So why are Michael and I bothering with each other? Well, we both are rather fond of Evangelicalism. It is, granted, the kind of fondness you have for a family which includes some rather odd aunts and uncles and a clash of viewpoints over the Christmas dinner table. But it also recognises the strengths that have been brought to that table.

Those strengths are related to the core Evangelical beliefs of the Lifeway survey. In essence, these were: the Bible as the highest authority for faith, the priority of evangelism, Jesus’ death as the means of salvation, and the need for a personal relationship with Jesus. These are close to the long accepted Evangelical characteristics outlined by historian David Bebbington: biblicism, activism, crucicentrism, and conversionism. If I had to sum these up, I would say that at Evangelicalism’s core is a focus on the gospel and the Bible (our source for the gospel). That’s fitting, as the name Evangelical comes from the Greek word euangelion, which means gospel.

We may fight over the meaning of passages, but we agree that this is a worthy battle, because we give the Bible primary authority.

The strength this core can give us is the recognition that other differences, while significant, are secondary to the central task of the gospel. I have found this with many Evangelicals I know, who otherwise have major differences from myself. We take delight in each other’s experiences of the personal love of Jesus. We rejoice together when someone comes to know Jesus and is transformed by him. We may fight over the meaning of passages, but we agree that this is a worthy battle, because we give the Bible primary authority.

This leads to what some have suggested is a fifth characteristic: our impulse to reach across differences to work together for the gospel. Why did Wesley and Whitefield keep working together? Why do Michael and I? It is love of Jesus, his gospel and the people formed by that gospel.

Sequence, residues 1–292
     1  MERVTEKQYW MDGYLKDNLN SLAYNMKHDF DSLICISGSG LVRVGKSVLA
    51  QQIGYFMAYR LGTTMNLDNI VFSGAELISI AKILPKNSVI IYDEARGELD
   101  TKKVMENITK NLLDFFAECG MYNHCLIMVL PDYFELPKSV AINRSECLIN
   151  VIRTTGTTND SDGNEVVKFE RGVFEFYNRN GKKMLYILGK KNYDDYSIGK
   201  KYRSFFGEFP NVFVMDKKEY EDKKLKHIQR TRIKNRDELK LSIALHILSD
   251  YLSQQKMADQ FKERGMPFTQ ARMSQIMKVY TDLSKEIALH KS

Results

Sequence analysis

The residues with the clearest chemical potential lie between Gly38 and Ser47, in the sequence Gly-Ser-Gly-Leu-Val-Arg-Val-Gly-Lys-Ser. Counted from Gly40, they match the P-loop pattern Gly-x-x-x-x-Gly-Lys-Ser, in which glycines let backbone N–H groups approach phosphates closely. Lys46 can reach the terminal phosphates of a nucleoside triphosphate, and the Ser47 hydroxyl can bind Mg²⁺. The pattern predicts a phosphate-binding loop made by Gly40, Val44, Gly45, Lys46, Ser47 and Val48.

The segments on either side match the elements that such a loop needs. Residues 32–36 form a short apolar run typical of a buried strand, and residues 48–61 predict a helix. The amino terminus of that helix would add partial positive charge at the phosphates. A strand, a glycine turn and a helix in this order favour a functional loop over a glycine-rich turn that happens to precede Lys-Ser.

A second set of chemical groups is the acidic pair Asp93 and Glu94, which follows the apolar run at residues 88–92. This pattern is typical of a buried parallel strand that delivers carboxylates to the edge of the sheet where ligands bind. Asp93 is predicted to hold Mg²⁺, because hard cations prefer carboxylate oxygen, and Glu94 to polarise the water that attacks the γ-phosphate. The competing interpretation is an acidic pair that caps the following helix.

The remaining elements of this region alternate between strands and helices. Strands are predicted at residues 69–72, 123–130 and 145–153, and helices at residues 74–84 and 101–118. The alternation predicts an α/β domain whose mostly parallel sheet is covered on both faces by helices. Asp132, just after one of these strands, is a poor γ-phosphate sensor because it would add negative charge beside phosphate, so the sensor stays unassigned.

It is this impulse that lies behind the Evangelical love for Billy Graham. Sure, Billy Graham could draw large crowds. But we loved him because he could bring those crowds to know Jesus. Graham was known for putting aside differences so that he might be able to reach more people with the gospel. Many have wondered whether the Evangelical unity seen in Graham could outlast his death. I believe it can. Because this unity was founded not in Graham’s personal charisma, but in a shared desire to see the gospel transform lives.

And this is why I think Evangelicals getting fixated on discussions over who is in or out is to be lamented. A focus on the boundaries tends to distract us from the core task of the gospel. The debates and disagreements will continue to be discussed, and I have no problem with that. Many such debates are worthy of convicted passion. The trouble is when that conviction becomes legalism, unable to see the gospel at work within those different from us.

If we genuinely do prioritise the gospel, we will do what Evangelicals have done since their beginning. Which is to reach out across difference so that we might be able to work together for the sake of the gospel.